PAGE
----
NHS funding is an issue that’s rarely out of the headlines these days, and any good medical student should have a basic understanding of the issues at play, it’s always good interview fodder if nothing else.
The NHS is operating on a deficit of over £2 billion, and has a budget of over £100 billion. That gap in funding leads to all sorts of issues; doctors and nurses have to work longer hours to fill in gaps in rotas and potentially putting patients at risk, there’s a shortage of qualified professionals, and the incentive to enter the industry is being destroyed thanks to the scrapping of various grants that used to be available. Those grants are being scrapped, and salaries are being frozen in order to reduce the operating loss of the NHS.
But why is there a funding gap? Here a lot of rhetoric is being thrown around, and it’s multifaceted, so the importance of individual factors is often skewed to serve a political agenda. It’s best to try and remain as non-partisan as possible.
One of the key issues facing the NHS is the ageing and growing population and the move away from treatment of infectious diseases with true cures like measles, mumps and the like to more long term complex conditions like diabetes, obesity and cardiovascular diseases. Treatment for diabetes and its associated symptoms arguably consume up to 20% of NHS funding. These problems are arguably a result of our previous success – we got so good at treating infectious diseases and childhood ailments, that those people who would have died from those conditions are now alive and taking up resources. Some people argue that immigration is also adding to the stress, but others argue that this isn’t as big of a deal as the aging population and the idea is being used as more of a political football – after all, a young economic migrant consumes far fewer (if any) NHS resources compared to an 80-year-old and their associated problems. It’s undeniable that a growing population is a big challenge for the NHS, but to blame that largely on immigration is perhaps misplaced at best.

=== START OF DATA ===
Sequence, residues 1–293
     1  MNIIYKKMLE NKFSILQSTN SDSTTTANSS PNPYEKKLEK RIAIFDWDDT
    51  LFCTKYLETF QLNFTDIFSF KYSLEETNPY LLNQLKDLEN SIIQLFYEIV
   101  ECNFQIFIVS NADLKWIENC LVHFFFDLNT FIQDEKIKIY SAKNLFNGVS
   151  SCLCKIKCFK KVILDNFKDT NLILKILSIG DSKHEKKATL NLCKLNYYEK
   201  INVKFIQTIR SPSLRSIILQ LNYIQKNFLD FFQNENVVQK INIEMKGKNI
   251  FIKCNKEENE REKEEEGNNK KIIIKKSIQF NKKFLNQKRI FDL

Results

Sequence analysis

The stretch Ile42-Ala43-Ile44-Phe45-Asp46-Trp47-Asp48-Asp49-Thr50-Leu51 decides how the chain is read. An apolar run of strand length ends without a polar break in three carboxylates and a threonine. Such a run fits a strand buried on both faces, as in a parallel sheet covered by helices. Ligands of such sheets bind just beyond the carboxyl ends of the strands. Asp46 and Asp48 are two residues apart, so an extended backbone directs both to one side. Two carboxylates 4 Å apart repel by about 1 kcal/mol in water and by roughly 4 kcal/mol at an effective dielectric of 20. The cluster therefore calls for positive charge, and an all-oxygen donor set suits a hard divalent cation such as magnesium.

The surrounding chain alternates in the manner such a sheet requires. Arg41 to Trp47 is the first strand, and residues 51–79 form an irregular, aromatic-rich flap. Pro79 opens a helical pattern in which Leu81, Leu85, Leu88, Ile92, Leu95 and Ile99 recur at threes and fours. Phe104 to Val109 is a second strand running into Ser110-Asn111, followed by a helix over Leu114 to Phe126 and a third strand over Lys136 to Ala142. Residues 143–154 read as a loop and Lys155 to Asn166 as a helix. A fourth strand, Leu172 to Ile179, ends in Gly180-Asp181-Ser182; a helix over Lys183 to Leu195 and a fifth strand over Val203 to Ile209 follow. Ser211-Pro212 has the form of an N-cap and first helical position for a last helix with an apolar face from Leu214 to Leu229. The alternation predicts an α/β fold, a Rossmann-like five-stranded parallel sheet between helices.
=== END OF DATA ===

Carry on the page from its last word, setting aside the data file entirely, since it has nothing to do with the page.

A lot of other perhaps smaller factors play into this deficit too. Some of it comes down to the huge overhead within the NHS. It’s a big machine that employs a large number of people. Anybody who’s worked in the NHS will tell you, there’s a lot of bureaucracy in it, with multiple layers of management. A great deal of this may be seen as redundant or arguably a necessary evil to deal with the large workload, and overhauling the entire system also comes at a cost. On top of that is the issue of people arguably overusing the service, and one way of tackling that is to charge people a nominal fee, but that arguably goes against what the NHS stands for, and opens up an entirely different kettle of fish. Clearly, there’s no one isolated issue at play here.